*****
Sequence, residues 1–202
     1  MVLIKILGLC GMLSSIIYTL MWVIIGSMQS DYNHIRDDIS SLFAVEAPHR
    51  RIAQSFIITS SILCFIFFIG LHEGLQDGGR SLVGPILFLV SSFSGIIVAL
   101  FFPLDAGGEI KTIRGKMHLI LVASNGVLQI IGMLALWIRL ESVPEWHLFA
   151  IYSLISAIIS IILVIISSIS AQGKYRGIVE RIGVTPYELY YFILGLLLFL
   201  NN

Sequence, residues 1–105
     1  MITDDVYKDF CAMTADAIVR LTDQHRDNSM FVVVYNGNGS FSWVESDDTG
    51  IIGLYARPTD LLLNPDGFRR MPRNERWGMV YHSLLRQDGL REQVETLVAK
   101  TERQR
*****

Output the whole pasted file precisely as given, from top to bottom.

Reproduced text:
Sequence, residues 1–202
     1  MVLIKILGLC GMLSSIIYTL MWVIIGSMQS DYNHIRDDIS SLFAVEAPHR
    51  RIAQSFIITS SILCFIFFIG LHEGLQDGGR SLVGPILFLV SSFSGIIVAL
   101  FFPLDAGGEI KTIRGKMHLI LVASNGVLQI IGMLALWIRL ESVPEWHLFA
   151  IYSLISAIIS IILVIISSIS AQGKYRGIVE RIGVTPYELY YFILGLLLFL
   201  NN

Sequence, residues 1–105
     1  MITDDVYKDF CAMTADAIVR LTDQHRDNSM FVVVYNGNGS FSWVESDDTG
    51  IIGLYARPTD LLLNPDGFRR MPRNERWGMV YHSLLRQDGL REQVETLVAK
   101  TERQR